The Danish goose (or Danish Landrace goose) is a landrace variety of goose. As the name suggests, the breed is native to Denmark. In ancient times, the breed was developed from the wild birds.
And the breed is thought to have emerged from Scandinavian wild goose. The Danish goose was a popular poultry of the Vikings, as we can know from archaeological remains.
Actually it was the most popular poultry bird and only goose bred in Denmark up until the end of the seventeenth century, when a land reform changed the agrarian practices.
The Vikings used the feathers from Danish landrace goose breed as steering feathers for arrows, apart from the eggs and meat production. These birds were also used for providing downs and feathers for quills.
And the birds are served for dinner on Mortensaften traditionally in Denmark. However, the breed was on the brink of extinction at the end of the 20th century. But some dedicated breeding program helped these birds to survive.
Currently total numbers of the old Danish goose are very lees. And as of 2006, there were only 50 herds registered. Read more information about the breed below.
Danish Goose Characteristics
Danish goose is a medium sized bird. It is available in two variants: gray and gray mottled. Eyes of the birds are of blue color (though interbreeding often results in brown eyes).
Their beak and legs are a sharp orange in color, and they have only one køl below the belly. The gray mottled variant of the Danish goose is also referred to as White.
Because only the head, back and inner wings of the birds are grey colored, while the rest is brightly white.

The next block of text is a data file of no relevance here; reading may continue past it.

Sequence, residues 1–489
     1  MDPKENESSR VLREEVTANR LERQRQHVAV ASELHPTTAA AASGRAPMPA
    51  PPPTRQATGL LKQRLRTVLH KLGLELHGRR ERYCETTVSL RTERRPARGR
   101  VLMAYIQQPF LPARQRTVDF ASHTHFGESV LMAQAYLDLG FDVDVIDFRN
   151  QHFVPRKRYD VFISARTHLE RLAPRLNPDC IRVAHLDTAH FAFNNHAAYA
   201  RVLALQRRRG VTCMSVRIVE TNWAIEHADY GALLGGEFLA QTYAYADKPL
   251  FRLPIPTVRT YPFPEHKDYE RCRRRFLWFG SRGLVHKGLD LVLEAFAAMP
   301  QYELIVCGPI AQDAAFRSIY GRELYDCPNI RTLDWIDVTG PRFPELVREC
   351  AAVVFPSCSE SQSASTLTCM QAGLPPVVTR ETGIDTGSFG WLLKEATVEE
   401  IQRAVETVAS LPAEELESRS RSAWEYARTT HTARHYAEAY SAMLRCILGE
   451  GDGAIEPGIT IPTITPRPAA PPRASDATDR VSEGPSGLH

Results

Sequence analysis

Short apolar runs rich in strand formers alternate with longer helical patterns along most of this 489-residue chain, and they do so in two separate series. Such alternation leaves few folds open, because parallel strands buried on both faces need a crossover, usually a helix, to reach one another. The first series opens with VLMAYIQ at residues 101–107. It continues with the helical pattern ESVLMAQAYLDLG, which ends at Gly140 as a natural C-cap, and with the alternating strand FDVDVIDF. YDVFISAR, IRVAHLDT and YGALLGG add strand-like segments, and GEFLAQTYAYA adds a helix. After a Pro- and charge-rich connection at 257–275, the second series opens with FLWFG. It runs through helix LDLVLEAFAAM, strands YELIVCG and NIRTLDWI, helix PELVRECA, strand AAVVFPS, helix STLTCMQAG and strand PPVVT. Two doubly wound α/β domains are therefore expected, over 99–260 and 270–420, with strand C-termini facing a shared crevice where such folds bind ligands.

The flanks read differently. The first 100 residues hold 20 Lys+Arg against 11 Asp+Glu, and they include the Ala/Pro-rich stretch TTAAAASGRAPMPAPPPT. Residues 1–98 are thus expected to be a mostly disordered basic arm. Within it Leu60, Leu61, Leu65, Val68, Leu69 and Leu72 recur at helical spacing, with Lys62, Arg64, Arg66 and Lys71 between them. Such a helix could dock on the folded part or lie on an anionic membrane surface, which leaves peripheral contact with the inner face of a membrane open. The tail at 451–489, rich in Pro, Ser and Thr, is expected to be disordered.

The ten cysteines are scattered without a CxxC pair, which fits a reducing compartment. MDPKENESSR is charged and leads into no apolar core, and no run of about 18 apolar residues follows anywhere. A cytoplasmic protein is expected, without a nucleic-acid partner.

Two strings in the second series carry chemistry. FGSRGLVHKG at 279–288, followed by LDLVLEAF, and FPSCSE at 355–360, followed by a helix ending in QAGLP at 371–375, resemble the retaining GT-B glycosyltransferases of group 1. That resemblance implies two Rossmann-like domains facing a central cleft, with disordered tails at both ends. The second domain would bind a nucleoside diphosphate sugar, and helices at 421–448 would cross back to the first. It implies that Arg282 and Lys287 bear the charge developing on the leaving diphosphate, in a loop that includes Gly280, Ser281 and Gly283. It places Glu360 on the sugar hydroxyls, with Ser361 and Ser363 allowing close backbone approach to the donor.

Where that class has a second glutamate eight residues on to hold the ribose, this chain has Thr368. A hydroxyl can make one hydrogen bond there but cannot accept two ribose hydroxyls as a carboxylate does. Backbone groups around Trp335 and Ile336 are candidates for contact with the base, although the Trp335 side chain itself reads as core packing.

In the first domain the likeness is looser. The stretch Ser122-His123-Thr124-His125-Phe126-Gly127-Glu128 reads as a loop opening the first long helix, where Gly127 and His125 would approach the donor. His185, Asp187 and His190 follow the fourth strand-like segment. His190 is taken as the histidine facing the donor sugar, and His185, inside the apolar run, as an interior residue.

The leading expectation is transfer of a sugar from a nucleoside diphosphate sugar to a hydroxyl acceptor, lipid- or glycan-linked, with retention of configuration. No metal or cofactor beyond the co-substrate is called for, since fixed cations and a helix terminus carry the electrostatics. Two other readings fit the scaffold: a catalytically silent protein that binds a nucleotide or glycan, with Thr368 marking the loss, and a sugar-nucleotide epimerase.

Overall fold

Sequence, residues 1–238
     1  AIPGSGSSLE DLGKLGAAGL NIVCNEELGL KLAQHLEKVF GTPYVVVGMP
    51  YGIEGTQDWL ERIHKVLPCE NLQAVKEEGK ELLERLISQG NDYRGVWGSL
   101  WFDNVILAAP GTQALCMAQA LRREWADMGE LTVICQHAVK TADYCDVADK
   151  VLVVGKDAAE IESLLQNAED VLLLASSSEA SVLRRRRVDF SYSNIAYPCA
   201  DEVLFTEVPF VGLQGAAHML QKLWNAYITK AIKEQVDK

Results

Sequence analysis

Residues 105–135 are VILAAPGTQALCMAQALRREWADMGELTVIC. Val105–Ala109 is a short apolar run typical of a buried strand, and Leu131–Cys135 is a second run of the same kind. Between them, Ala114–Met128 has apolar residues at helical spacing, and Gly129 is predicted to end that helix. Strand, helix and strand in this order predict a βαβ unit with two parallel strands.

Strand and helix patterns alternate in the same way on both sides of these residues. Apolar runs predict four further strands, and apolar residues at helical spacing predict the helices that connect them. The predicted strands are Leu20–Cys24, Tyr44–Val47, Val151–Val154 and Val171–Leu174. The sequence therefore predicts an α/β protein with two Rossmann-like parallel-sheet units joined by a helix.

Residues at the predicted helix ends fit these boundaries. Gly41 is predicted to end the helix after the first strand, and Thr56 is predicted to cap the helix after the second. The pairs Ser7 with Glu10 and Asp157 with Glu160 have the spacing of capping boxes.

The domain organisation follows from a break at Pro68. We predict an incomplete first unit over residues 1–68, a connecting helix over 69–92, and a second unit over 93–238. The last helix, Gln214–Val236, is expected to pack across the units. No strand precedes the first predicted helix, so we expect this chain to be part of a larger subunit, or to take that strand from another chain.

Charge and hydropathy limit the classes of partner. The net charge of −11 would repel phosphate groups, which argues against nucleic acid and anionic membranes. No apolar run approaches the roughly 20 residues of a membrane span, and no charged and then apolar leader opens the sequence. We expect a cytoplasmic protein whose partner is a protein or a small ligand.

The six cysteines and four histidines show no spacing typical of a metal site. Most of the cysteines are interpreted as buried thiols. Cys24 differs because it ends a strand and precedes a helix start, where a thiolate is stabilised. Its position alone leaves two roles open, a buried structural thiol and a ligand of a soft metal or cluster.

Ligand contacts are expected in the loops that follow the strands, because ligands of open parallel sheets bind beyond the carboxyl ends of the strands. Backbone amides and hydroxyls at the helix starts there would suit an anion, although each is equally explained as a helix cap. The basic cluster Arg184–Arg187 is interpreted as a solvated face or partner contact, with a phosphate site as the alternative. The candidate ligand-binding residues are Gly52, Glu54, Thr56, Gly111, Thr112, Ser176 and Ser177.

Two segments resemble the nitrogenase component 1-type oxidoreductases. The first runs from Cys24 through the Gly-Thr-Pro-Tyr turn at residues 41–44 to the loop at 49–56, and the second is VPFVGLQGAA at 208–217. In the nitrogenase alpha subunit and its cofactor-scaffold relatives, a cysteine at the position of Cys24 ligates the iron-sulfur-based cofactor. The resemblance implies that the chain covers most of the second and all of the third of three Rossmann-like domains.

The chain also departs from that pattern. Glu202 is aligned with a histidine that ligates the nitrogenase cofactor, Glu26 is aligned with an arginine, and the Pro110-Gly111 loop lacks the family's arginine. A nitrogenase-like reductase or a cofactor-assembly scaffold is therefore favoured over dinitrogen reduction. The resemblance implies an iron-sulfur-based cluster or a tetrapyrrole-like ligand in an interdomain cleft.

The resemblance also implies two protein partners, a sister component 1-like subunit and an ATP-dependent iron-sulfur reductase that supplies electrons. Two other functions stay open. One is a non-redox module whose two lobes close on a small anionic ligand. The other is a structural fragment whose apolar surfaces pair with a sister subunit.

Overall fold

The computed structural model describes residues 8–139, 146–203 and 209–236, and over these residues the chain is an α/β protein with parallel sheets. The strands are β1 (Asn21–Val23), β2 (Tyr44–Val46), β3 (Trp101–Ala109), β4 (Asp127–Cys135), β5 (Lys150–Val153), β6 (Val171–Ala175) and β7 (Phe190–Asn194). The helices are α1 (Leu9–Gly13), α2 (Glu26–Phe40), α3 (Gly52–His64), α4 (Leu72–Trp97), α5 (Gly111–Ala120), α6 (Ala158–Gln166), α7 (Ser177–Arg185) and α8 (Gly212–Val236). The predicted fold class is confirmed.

Average live body weight of the fully grown Danish landrace ganders is about 6 kg. And the mature geese on average weight around 5 kg. Photo and info from Wikipedia.
The Danish goose is used for both eggs and meat production. The Vikings used the feathers from this birds as steering feathers for arrows. It was also used for providing downs and feathers for quills.
The breed is also served for dinner on Mortensaften traditionally in Denmark.
The Danish goose is considered as a very hardy breed. And the breed’s main productional strength is it’s ability to produce a low-fat carcass with a lot of meat.
Compared to other goose breeds, this bird grow relatively slower, with small clutches and a low reproduction rate. The breed has fallen out of favor in modern agricultural production mainly due to it’s slow growth rate.
However, review full breed profile of this breed in the following chart.
|Very hardy and active, able to produce a low-fat carcass with a lot of meat, relatively slow to grow, small clutches, low reproduction rate, used for many other purposes previously
|Around 6 Kg
|Around 5 Kg
|Gray and gray mottled
|Country/Place of Origin